: What follows is a version of a talk
given at the Online News Association’s annual meeting Friday by Heather Chaplin
, director of the Journalism + Design
program at The New School in New York, entitled “Crisis 2.0: Enemies of the People.” We’re happy to share it with you.
We’re here in Austin this week to talk about how journalism works online. We’re all doing this work because the internet — among other things — came along and uprooted the way journalism had been done for the last 100 years — which sent us spinning off into crisis.
Multi-million-dollar tax bills “pulled out of thin air.”
The pruning of an independent newspaper
after being sold to party-friendly investors. A final headline declaring “Descent into Outright Dictatorship.”
With the closure of the Cambodia Daily
in September and the sale of the English-language Phnom Penh Post
in May, the country’s press freedom is more than at risk — it’s nearly extinct. Reporters Without Borders ranked Cambodia at 142 out of 180 countries
in the World Press Freedom Index in 2018 (10 places lower than it was in 2017), saying it “seems dangerously inclined to take on the same path as China.”
Now, Cambodia’s media industry is also facing further censorship by the government for fake news posted on websites and social media (with jail time and a USD $1,000 fine as punishment) and a registry maintained by the Cambodia information ministry, the Guardian’s Kate Lamb reported
She Continue reading "With a registry for news sites and fines for “fake news,” Cambodia’s press freedom slides further"
In his new book
Networked Press Freedom: Creating Infrastructures for a Public Right to Hear, Mike Ananny
, a professor at University of Southern California’s Annenberg School for Communication and Journalism, critically examines what press freedom means today. An excerpt is below.
What, exactly, is press freedom, and why does it matter? In the popular discourse of the United States, we do not ask this question very often or very deeply. The answers are obvious and almost cliché: the public has a right to know, journalists are the people’s watchdogs, they afflict the comfortable and comfort the afflicted, democracy dies in darkness, and voters need objective information to be good citizens. Popular histories of modern U.S. journalism celebrate heroes who spoke truth to power and brought down institutions — Ida B. Wells, Nellie Bly, Ida Tarbell, Edward R. Murrow, I. F. Stone, Bob Woodward, Carl Bernstein, Walter Cronkite. Continue reading "Freedom from what?: It’s time to broaden the definition of a “free press”"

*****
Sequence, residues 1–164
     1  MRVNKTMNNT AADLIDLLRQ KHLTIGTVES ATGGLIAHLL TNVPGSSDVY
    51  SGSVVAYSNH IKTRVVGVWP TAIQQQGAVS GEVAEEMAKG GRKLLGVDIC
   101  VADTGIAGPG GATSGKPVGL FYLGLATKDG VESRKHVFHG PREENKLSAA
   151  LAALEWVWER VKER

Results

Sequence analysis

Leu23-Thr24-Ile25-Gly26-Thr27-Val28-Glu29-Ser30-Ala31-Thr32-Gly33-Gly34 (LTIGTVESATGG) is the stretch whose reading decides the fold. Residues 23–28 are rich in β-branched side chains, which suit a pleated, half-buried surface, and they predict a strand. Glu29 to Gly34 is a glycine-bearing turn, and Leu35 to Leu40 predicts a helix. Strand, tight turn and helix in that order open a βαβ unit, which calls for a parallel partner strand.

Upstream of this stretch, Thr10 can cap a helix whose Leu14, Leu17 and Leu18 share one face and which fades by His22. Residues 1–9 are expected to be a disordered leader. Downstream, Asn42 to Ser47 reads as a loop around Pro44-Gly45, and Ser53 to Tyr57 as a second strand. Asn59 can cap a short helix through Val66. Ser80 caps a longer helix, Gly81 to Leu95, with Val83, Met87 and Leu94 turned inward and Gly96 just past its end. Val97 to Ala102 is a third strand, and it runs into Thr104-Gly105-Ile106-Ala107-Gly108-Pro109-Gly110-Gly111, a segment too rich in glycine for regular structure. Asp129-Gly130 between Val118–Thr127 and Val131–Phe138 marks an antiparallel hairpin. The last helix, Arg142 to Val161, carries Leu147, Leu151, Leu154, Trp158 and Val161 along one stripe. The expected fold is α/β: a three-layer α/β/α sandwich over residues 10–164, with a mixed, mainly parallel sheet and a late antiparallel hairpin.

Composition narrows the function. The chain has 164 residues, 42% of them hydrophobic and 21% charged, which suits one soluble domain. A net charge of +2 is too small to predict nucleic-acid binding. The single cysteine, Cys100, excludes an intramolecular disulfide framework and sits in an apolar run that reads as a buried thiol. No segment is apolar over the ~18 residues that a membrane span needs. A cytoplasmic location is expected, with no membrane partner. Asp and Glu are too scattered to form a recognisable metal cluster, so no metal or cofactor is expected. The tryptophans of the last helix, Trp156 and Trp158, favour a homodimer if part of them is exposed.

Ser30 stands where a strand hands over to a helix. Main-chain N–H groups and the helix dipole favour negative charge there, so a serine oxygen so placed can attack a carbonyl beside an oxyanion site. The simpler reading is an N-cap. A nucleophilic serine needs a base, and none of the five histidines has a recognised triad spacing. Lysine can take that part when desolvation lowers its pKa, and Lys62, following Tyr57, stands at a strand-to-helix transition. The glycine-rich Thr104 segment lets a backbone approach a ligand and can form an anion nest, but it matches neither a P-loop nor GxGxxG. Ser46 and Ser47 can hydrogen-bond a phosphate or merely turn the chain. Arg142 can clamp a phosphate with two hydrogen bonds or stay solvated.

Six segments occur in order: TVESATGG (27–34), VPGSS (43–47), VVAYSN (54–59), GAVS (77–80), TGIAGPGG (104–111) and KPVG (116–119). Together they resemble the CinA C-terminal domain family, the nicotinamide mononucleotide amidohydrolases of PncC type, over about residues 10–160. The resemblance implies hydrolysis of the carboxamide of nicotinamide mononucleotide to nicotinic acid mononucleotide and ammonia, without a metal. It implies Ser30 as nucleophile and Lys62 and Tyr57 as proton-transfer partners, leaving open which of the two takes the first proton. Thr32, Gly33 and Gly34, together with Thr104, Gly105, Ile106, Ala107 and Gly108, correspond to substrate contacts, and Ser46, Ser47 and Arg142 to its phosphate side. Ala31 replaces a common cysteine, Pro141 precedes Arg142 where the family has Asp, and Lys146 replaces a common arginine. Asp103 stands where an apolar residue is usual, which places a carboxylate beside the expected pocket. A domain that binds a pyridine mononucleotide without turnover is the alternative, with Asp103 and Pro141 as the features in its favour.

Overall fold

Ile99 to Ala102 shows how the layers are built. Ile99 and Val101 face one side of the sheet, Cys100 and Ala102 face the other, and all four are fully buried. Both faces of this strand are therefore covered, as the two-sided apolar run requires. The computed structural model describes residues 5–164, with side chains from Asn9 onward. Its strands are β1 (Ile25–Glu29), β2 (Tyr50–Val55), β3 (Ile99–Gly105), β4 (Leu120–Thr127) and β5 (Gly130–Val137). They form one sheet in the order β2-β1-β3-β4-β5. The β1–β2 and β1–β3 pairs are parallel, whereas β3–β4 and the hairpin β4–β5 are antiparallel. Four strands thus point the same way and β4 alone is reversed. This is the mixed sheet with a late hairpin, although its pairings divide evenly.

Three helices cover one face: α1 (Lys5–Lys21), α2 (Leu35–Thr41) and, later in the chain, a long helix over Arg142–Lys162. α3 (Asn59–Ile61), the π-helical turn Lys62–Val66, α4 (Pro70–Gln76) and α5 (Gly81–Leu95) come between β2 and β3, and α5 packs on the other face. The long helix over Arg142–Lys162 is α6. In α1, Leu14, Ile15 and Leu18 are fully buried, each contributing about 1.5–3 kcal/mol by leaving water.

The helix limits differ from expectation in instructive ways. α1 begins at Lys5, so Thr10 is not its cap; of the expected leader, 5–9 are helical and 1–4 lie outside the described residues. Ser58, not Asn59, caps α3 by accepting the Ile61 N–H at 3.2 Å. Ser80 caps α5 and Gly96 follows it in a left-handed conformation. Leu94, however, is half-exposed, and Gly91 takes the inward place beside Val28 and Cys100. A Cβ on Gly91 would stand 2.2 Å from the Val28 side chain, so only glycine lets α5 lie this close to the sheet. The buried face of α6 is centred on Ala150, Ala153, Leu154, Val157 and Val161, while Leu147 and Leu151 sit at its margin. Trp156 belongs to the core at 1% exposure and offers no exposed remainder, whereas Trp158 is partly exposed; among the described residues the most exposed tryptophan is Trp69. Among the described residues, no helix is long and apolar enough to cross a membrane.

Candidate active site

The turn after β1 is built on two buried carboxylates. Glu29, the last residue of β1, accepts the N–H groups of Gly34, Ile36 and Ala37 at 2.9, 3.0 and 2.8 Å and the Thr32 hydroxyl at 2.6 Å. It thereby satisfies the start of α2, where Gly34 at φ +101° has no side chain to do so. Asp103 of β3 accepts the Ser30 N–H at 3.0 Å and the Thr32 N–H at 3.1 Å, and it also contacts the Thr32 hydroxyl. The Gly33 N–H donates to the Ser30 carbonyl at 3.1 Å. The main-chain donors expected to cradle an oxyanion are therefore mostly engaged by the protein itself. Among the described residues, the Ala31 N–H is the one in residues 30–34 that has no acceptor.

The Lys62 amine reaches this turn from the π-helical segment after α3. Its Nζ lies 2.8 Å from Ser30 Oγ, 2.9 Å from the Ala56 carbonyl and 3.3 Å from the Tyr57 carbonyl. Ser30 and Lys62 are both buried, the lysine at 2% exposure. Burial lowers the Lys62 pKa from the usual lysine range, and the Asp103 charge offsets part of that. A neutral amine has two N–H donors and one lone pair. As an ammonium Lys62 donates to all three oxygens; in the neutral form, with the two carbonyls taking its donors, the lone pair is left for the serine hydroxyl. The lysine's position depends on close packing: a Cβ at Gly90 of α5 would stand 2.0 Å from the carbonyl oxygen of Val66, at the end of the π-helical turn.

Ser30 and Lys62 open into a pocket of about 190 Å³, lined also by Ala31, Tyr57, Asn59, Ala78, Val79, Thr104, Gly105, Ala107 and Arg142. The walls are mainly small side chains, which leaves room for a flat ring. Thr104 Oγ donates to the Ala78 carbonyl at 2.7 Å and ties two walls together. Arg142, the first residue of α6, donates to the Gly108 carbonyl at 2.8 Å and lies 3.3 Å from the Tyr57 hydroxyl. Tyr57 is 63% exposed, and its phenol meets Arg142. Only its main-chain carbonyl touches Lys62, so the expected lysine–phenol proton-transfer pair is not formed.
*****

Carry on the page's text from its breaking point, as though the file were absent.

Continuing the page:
Mere days after his meeting with Kim Jong Un, President Trump
has once again decided that the real enemy is the media.
It’s not the first time he’s said this, but coming on the heels of the North Korea summit it stunned a lot of people:
On Friday, ex-Senate Intel Committee aide
appeared before a judge on charges of lying to the FBI about his contacts with reporters.
His case, as the New York Times noted
, “led to the first known instance of the Justice Department going after a reporter’s data under President Trump.”
Yet, as CNN’s Jake Tapper
noted on The Lead
, attacks on press freedom did not begin with the Trump administration.
Instead, according to Tapper, under the Obama administration, the media “called it out all the time.”
“The Obama Administration also repeatedly attacked press freedoms and we called it out at the time,” Tapper said. “It was heinous then and it is just as contemptible now.”
Then referring the to Wolfe case specifically, Tapper continued on: “Questions we have about this incident include the following: if the Senate intelligence committee staffer was charged with lying and not Continue reading "CNN’s Jake Tapper Asks: Is Trump Escalating Obama’s ‘War on Leaks’?"
Speaking on CNN’s
Sunday morning, Chief International Correspondent Christiane Amanpour
warned that President Donald Trump
‘s attacks on the press have negative implications for the media around the world.
Her comments came during a conversation with Brian Stelter
where the CNN Reliable Sources host talked about Trump not giving a broadcast television interview for over a year. He then asked Amanpour how Trump’s last week’s news has played out in the international press.
Amanpour replied by commenting on Trump’s lack of broadcast television interviews as well as his tweeted out threat to pull press credentials.
The latter, she warned, would only empower anti-press despots and dictators across the globe.
“I mean, look, we have, for instance, in London, this weekend, the president of Turkey, a U.S. Ally. Recep Tayyip Erdogan
is coming here. This is one of the key abusers of the press in his own country. I mean, Continue reading "CNN’s Christiane Amanpour Warns Trump’s Threats Empower Dictators to ‘Beat up Against the Press’"
The Committee to Protect Journalists has responded to President Trump
‘s trolling of the media with upcoming “fake news” awards by announcing some awards of their own.
The CPJ unveiled “Press Oppressors” awards today that doesn’t just criticize Trump, but multiple world leaders for their role in hurting press freedom worldwide.
President Trump was “honored” with the award for Overall Achievement in Undermining Global Press Freedom:
The United States, with its First Amendment protection for a free press, has long stood as a beacon for independent media around the world. While previous U.S. presidents have each criticized the press to some degree, they have also made public commitments to uphold its essential role in democracy, at home and abroad. Trump, by contrast, has consistently undermined domestic news outlets and declined to publicly raise freedom of the press with repressive leaders such as Xi, Erdoğan, and Sisi. Authorities in China, Continue reading "Committee to Protect Journalists ‘Awards’ Trump for ‘Undermining Global Press Freedom’"